Test-retest reliability of selected items of Health Behaviour in School-aged Children (HBSC) survey questionnaire in Beijing, China
1 Research Centre for Health Promotion, Department of Health Sciences, University of Jyväskylä, Jyväskylä, Finland
2 Mass Sports Research Centre, China Institute of Sport Science, Beijing, China
3 Department of Sport and Health Science, Nanjing Institute of Physical Education, Nanjing, China
BMC Medical Research Methodology 2010, 10:73 doi:10.1186/1471-2288-10-73Published: 10 August 2010
Children's health and health behaviour are essential for their development and it is important to obtain abundant and accurate information to understand young people's health and health behaviour. The Health Behaviour in School-aged Children (HBSC) study is among the first large-scale international surveys on adolescent health through self-report questionnaires. So far, more than 40 countries in Europe and North America have been involved in the HBSC study. The purpose of this study is to assess the test-retest reliability of selected items in the Chinese version of the HBSC survey questionnaire in a sample of adolescents in Beijing, China.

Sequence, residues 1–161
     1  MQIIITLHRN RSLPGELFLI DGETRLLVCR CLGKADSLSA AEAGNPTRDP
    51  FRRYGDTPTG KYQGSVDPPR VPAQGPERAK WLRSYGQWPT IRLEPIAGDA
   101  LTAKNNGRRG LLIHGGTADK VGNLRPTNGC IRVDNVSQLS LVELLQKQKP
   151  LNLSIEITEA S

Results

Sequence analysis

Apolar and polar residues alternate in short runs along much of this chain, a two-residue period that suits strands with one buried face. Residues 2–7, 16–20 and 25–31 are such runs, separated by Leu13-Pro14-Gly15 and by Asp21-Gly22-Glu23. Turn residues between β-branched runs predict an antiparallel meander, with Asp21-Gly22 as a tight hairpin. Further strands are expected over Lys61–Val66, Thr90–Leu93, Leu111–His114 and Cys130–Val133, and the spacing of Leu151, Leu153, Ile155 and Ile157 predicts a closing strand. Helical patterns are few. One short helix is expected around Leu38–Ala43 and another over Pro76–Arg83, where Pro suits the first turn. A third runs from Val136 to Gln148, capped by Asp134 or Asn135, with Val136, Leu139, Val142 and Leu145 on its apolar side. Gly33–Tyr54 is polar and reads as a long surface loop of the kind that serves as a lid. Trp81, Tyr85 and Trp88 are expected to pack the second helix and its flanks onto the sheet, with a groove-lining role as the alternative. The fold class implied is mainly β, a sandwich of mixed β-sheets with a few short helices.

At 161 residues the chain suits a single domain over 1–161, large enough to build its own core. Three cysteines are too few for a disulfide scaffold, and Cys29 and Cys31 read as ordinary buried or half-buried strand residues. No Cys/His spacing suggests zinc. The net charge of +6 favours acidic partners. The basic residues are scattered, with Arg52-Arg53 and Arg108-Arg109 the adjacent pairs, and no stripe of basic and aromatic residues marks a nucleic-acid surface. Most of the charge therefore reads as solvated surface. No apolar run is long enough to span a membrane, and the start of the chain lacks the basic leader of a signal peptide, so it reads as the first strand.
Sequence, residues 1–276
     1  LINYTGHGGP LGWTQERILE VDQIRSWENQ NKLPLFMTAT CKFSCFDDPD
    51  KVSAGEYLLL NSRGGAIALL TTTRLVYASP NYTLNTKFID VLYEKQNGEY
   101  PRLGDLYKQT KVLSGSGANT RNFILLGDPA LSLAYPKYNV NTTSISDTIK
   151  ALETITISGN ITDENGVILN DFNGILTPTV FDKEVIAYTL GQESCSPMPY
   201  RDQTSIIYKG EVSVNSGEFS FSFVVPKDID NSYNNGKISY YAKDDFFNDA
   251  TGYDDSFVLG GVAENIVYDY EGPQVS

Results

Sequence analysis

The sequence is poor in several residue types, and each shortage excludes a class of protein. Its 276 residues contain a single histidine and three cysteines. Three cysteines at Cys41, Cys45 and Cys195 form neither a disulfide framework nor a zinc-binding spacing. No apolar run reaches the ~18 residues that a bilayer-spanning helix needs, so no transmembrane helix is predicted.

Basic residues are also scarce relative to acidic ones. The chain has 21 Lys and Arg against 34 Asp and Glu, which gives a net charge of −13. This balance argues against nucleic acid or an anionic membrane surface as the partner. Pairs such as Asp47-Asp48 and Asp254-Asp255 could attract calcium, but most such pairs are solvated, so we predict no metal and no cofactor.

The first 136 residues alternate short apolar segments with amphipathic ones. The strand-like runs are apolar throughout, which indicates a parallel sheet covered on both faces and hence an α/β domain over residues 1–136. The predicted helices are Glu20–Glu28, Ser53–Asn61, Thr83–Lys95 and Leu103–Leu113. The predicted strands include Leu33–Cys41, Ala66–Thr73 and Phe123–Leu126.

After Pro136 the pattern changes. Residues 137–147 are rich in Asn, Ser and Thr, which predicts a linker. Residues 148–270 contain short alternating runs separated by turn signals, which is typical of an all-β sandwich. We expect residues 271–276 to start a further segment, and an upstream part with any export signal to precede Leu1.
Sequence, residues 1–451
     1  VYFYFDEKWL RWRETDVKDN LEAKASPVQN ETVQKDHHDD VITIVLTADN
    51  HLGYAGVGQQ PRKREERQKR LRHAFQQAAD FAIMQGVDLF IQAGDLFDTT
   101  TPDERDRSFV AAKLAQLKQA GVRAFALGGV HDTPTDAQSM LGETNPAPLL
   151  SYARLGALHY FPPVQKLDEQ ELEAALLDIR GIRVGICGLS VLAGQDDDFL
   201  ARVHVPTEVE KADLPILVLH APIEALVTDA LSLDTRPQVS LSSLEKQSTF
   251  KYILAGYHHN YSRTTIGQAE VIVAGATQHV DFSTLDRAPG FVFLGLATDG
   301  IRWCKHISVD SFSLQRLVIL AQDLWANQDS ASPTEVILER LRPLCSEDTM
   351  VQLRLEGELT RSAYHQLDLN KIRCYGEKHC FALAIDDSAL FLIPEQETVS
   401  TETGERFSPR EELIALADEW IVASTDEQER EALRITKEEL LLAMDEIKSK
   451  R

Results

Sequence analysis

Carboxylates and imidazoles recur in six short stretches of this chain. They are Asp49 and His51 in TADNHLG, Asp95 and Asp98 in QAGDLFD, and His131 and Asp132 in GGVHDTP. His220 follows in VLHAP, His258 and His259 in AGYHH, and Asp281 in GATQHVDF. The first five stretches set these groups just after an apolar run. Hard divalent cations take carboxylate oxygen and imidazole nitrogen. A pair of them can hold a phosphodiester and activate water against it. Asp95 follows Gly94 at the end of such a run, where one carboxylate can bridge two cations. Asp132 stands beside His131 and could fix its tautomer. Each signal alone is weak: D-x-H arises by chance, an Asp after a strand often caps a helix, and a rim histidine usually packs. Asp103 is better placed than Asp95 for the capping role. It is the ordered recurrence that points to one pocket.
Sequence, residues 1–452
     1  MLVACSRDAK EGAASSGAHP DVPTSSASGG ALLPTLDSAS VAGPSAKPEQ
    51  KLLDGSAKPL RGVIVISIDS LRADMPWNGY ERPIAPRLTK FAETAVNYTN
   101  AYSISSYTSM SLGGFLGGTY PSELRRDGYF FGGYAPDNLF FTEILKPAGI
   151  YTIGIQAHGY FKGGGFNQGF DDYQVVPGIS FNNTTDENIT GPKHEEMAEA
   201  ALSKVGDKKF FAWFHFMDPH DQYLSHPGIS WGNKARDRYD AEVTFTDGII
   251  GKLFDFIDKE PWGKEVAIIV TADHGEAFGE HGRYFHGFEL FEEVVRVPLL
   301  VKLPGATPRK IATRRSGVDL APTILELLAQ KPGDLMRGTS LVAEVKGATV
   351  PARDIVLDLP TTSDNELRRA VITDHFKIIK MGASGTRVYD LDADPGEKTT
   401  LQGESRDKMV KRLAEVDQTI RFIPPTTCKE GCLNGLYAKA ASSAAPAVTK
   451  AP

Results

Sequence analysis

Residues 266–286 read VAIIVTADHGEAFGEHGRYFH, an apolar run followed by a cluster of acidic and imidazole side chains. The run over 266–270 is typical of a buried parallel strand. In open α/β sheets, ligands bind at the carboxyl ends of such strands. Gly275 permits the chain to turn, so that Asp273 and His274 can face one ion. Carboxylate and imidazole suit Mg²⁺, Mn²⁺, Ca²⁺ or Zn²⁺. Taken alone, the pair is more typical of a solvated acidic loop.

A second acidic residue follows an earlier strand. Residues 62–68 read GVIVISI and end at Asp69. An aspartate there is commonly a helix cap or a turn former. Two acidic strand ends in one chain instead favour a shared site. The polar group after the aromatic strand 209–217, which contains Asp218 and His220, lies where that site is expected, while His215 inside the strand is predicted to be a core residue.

A sample of 95 male and female students aged 11 or 15 years old participated in a test and retest with a three weeks interval. Student Identity numbers of respondents were utilized to permit matching of test-retest questionnaires. 23 items concerning physical activity, sedentary behaviour, sleep and substance use were evaluated by using the percentage of response shifts and the single measure Intraclass Correlation Coefficients (ICC) with 95% confidence interval (CI) for all respondents and stratified by gender and age. Items on substance use were only evaluated for school children aged 15 years old.
The percentage of no response shift between test and retest varied from 32% for the item on computer use at weekends to 92% for the three items on smoking. Of all the 23 items evaluated, 6 items (26%) showed a moderate reliability, 12 items (52%) displayed a substantial reliability and 4 items (17%) indicated almost perfect reliability. No gender and age group difference of the test-retest reliability was found except for a few items on sedentary behaviour.
The overall findings of this study suggest that most selected indicators in the HBSC survey questionnaire have satisfactory test-retest reliability for the students in Beijing. Further test-retest studies in a large and diverse sample, as well as validity studies, should be considered for the future Chinese HBSC study.